Keeping Things Confidential

There are many reasons behind the need for confidentiality in therapy.  The assurance of privacy helps jumpstart the trust in the therapeutic relationship so unhealthy patterns can be examined.  Without a healthy relationship, it is next to impossible for any progress to be made.  Who wants to talk to someone they don’t trust?!  Check out Dr. Carl Rodger’s work on the Helping Relationship for more info how important this relationship is to Change.

At the University Counseling Center, we take the charge of confidentially very seriously.  All of our records are kept in an online, password protected database.  All personal information is kept in a locked closet at our center.  And our staff is committed to maintaining the privacy of the students that we serve.

Ethically, we are not allowed to speak with anyone about your case unless you have signed a release to do so.  In fact, if your roommate, parent or English teacher calls us up and asks for information about our sessions without a release, we are obligated to tell them we cannot confirm or deny if you are a client here.  This includes staff such as Residence Life.

As many departments do, we have student workers.  No need for this to be a concern.  They do not have access to student records and are not allowed to make appointments.  On top of that, they sign a confidentiality agreement with us to ensure your privacy.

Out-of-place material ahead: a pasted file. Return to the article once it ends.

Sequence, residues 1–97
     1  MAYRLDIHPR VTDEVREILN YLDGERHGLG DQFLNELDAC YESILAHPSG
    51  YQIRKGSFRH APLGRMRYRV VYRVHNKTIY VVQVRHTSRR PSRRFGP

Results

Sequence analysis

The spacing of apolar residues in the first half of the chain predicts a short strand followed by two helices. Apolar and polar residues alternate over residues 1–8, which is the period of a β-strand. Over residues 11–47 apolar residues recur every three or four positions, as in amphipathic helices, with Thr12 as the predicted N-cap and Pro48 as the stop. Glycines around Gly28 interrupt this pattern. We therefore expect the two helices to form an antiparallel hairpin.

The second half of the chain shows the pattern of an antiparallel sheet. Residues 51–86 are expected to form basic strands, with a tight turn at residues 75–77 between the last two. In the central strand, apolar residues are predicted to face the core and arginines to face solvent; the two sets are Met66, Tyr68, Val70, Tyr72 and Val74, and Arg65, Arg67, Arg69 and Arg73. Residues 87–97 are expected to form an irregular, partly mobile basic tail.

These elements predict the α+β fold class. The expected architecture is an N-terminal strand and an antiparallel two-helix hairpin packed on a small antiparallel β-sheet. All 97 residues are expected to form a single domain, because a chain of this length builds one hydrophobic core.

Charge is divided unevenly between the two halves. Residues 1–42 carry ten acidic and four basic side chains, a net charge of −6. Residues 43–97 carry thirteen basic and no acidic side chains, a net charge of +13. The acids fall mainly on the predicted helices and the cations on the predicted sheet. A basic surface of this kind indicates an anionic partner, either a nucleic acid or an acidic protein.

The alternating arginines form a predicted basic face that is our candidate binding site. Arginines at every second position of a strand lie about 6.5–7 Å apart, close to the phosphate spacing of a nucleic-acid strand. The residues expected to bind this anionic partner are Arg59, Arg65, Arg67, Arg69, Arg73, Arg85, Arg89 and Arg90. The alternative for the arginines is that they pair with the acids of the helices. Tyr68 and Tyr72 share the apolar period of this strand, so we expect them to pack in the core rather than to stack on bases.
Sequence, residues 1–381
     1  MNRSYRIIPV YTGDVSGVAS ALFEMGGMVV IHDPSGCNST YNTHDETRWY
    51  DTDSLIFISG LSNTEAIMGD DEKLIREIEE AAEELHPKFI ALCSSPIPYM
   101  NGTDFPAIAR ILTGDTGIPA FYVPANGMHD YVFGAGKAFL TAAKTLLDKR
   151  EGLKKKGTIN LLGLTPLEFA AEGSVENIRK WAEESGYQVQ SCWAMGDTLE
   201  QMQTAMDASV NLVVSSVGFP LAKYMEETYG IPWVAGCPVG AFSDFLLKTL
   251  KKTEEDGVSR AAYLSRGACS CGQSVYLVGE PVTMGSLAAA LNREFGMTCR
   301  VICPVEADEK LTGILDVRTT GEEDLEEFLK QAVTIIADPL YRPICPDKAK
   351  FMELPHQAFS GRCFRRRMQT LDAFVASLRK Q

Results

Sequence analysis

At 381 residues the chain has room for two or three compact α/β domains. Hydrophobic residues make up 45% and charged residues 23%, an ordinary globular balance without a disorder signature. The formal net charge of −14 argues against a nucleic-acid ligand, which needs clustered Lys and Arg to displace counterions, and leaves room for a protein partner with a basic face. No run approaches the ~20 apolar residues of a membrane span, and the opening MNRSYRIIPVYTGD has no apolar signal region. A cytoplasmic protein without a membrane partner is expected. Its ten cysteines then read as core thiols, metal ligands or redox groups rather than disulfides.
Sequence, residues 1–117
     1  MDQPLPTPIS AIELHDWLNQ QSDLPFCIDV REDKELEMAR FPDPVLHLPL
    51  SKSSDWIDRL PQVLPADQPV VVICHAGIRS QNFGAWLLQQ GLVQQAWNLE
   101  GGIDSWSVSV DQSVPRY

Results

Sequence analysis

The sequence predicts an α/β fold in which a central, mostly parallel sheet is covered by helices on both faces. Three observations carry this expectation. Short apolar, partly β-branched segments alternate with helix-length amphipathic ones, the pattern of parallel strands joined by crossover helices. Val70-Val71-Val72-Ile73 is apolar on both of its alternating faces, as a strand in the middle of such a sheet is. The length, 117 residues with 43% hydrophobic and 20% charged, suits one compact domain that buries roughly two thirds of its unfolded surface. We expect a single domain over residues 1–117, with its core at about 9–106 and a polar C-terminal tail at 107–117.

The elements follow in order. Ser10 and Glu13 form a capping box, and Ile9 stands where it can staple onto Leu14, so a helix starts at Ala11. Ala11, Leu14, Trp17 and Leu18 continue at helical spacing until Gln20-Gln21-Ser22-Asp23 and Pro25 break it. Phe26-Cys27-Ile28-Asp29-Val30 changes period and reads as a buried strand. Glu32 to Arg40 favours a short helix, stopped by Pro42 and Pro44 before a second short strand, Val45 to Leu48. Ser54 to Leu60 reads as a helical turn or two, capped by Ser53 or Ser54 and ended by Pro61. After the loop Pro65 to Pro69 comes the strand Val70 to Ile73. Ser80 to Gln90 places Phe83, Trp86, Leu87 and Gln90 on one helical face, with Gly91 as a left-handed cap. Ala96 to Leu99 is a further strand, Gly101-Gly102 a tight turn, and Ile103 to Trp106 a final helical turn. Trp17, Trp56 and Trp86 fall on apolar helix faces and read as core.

Like everything in life, there are exceptions to the rule.  Of course!  Right?  In general, if given the choice, therapists would rather protect people and their safety over protecting confidentiality.  So the three major exceptions include: If you are at risk for suicide, if you are actively planning on physically harming someone else, and if you report child or elder abuse.  I feel like, if you know I am going to protect you and others, then that builds trust as opposed to breaking it.

If you are more interested in confidentiality and the Duty to Warn, check out the fascinating and tragic Tarasoft case: http://en.wikipedia.org/wiki/Tarasoff_v._Regents_of_the_University_of_California

Also, the child and elder abuse exception comes from our staff being mandated reporters.  The question of reporting or not in these situations has been taken out of our hands so that we are acting in the best interests of the less powerful on a consistent basis.

I hope this was a helpful guide.  The next entry will be about tips for managing anxiety.  Did you know that anxiety can be healthy?  Yup.

-Logan Williamson, LPC
Staff Counselor

Comments are closed.